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SurvivorCord is our original patented MIL-STYLE paracord with three potentially life-saving internal strands added: Fishing line, waterproof fire-starter, and multi-purpose utility wire.

SurvivorCord XT is SurvivorCord...but better! Built for Bushcraft, this latest incarnation of our patented paracord upgrades the internal survival strands for better outdoor recreational utility.

Elastic ShockCord has 100% stretch, a tensile strength of ~100 LBS, and is ideal for creating bungee cords and securing or tethering items to your equipment or vehicles.

Looking for BULK cordage? This shortcut takes you to all of your favorite TITAN Survival cordage in 500 and 1,000 foot spools.

These accessories are specifically designed by us to either work well with SurvivorCord in crafts or projects, or are made from SurvivorCord and can be used in an emergency.

SurvivorCord is patented and guaranteed for life!

In an emergency, Fire can mean Life! Make sure you're prepared.

Essential survival gear, designed to protect you from the elements in emergencies.

How To Make A Paracord Duck Call Lanyard

Discover how to make a paracord waterfowl lanyard in this instructional video by Rock Paracord. Making a paracord waterfowl call lanyard is easy and most people have paracordlying around. So why buy one when you can make one yourself.

For this project you will need two lengths of paracord that are about 10’ each. You can use whatever colors you want, but for our purposes we will be using safety orange and camouflage paracord. This lanyard will use the four-strand round braid technique.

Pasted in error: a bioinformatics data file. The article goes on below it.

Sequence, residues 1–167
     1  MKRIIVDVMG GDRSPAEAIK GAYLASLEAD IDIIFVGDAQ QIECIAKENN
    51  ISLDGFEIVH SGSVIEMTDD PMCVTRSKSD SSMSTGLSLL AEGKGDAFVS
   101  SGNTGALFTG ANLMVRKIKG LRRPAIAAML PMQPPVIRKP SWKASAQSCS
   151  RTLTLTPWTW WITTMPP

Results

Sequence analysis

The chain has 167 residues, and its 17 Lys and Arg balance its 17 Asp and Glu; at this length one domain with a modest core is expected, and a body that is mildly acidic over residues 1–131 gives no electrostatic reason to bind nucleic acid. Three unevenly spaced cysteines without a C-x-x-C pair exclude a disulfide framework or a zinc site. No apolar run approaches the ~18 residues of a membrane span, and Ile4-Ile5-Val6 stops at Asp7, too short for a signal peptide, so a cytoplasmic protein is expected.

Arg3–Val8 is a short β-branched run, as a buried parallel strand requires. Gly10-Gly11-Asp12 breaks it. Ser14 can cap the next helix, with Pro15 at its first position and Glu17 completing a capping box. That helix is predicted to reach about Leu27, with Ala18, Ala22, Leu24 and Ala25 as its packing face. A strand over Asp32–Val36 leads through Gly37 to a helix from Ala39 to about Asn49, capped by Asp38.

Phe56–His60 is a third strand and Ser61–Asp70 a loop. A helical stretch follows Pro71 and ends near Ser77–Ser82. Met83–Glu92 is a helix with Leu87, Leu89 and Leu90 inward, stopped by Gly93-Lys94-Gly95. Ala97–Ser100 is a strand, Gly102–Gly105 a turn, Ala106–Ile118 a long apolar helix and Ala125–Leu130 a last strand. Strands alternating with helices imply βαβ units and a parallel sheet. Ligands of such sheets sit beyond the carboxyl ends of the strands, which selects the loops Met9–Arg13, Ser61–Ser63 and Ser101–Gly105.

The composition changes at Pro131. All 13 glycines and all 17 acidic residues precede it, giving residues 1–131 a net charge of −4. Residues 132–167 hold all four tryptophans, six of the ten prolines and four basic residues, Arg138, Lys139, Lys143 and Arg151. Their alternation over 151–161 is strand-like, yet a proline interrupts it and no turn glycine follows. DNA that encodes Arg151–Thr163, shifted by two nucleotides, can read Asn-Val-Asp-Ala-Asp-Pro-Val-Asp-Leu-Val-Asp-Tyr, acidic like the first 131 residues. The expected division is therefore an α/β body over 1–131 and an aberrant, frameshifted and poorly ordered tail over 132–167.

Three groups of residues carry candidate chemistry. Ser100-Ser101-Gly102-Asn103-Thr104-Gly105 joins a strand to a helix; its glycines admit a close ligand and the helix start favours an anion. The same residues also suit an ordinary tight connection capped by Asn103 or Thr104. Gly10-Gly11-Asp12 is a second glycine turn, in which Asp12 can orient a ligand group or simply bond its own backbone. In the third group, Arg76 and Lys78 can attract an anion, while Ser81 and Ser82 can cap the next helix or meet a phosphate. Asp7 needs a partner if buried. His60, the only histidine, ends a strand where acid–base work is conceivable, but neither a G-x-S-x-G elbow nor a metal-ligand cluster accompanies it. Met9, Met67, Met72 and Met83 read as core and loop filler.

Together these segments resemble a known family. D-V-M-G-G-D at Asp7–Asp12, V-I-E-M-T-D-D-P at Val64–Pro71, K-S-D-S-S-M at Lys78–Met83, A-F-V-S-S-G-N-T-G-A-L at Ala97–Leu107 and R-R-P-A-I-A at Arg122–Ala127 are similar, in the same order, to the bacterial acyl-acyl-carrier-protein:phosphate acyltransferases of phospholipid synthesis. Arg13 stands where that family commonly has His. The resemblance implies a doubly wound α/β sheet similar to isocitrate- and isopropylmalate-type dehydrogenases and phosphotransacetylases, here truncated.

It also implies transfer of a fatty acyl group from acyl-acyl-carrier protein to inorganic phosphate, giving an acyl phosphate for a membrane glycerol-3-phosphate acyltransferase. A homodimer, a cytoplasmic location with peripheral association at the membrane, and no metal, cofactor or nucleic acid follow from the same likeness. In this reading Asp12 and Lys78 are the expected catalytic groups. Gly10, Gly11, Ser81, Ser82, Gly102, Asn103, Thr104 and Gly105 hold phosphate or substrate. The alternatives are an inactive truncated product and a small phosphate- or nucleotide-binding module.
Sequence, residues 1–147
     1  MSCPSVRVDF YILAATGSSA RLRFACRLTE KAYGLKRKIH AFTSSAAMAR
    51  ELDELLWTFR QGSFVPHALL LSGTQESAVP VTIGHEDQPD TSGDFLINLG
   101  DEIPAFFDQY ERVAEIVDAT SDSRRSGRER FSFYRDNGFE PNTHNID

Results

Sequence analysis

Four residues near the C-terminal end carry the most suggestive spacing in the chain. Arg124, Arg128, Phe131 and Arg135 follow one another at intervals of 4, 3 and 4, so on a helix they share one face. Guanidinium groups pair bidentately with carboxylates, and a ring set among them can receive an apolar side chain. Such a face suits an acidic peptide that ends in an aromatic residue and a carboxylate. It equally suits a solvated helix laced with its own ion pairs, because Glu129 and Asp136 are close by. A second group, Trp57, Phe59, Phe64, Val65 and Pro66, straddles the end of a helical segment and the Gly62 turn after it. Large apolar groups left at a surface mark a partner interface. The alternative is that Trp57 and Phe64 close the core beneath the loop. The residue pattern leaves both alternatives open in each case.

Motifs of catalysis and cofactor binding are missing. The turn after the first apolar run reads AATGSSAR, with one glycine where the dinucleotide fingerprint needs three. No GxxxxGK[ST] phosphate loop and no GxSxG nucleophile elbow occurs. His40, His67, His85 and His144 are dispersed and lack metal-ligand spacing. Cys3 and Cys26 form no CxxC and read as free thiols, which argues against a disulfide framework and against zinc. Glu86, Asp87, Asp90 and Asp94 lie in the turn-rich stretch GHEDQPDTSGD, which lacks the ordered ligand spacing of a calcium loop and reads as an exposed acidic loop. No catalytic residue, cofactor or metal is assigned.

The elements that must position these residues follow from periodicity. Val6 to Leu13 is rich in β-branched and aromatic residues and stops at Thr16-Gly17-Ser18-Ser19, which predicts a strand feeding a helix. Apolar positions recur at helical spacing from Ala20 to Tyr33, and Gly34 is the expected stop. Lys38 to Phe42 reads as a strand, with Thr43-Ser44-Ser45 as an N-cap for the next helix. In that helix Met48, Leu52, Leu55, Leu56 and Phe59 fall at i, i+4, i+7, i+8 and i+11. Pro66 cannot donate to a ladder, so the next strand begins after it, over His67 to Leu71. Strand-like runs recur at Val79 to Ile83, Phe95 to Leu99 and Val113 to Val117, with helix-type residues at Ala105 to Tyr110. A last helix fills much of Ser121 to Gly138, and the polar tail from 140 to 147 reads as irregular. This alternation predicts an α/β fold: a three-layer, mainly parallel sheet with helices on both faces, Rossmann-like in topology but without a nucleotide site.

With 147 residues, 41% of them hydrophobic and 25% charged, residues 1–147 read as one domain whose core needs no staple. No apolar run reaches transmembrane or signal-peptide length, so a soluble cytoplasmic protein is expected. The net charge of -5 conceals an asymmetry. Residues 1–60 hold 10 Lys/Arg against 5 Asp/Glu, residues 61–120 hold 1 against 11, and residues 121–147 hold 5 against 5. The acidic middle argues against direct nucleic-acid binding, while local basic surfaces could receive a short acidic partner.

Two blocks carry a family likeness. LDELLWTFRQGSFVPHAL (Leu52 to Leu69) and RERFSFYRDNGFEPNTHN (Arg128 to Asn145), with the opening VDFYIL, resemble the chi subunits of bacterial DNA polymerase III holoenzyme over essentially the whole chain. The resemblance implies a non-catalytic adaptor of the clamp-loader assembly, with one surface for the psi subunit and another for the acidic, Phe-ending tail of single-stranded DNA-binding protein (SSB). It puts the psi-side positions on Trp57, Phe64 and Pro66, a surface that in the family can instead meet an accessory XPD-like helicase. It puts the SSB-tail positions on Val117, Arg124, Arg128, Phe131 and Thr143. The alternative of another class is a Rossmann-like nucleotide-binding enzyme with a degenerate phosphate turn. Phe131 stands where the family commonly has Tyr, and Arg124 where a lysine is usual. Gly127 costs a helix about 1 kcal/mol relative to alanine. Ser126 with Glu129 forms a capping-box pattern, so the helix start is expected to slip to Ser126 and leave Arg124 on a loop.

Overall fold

To begin, fold the two sections of paracord in half to equal lengths. Then cross the cords so the camouflage cord is on top and the orange is on bottom.  Starting at the center point with the camouflage cord, bring the ends down over the orange cord and the cross the ends to opposite side. Now take the orange cord and bring its ends down over the camouflage cord and cross the ends to opposite sides. While making the round braid keep everything tight and straight in place.

Continue this process until you reach your desired length. Anywhere between 27” and 28” is typically a one size fits all length. Once you reach your desired length, separate the strands so there is one of each color on each side. You will now tuck on pair of the ends into the starting end to close the lanyard.

Using a pair of forceps, loosen one of the loops on the end of the round braid and pull two of the cords through the loop until the round braid meets its end. You should now be set up in a position to start a cobra weave with the remaining ends of cord.

To make a cobra weave take the outside left cord over the two inside cords to the right. Then take the outside right cord over the top of the left cords end, behind the two inner cords, and then through the loop that was created by the left cord on the left side. Tighten the weave down.

Continue this process alternating starting sides until you have made seven or eight cobra weaves. The cord you started with should now be on the right side. You will always start with the cord you originally started with. It should alternated sides with each weave.

Once you get the cobra weave finished, the next step is to make a couple of nooses with the remaining cords to hold the waterfowl calls on. You don’t want to make them all the same length otherwise the calls will be a bulky mess. Choose different lengths for each of the call cords.

To make a noose, start by making a small “s” with the cord. There should be a loop on top and on bottom.  The loop on bottom is where you want the call to hang from. Then take the remaining end of the cord and wrap it around itself just above the bottom loop. Wrap it around four or five times towards the top loop keeping it tight. Put the remaining end of cord through the top loop and pull tight by pulling on the bottom loop. Repeat on all of the remaining cords. Once finished cut the remaining cords and melt the ends into the noose. Your paracord waterfowl call lanyard is now ready to see some action!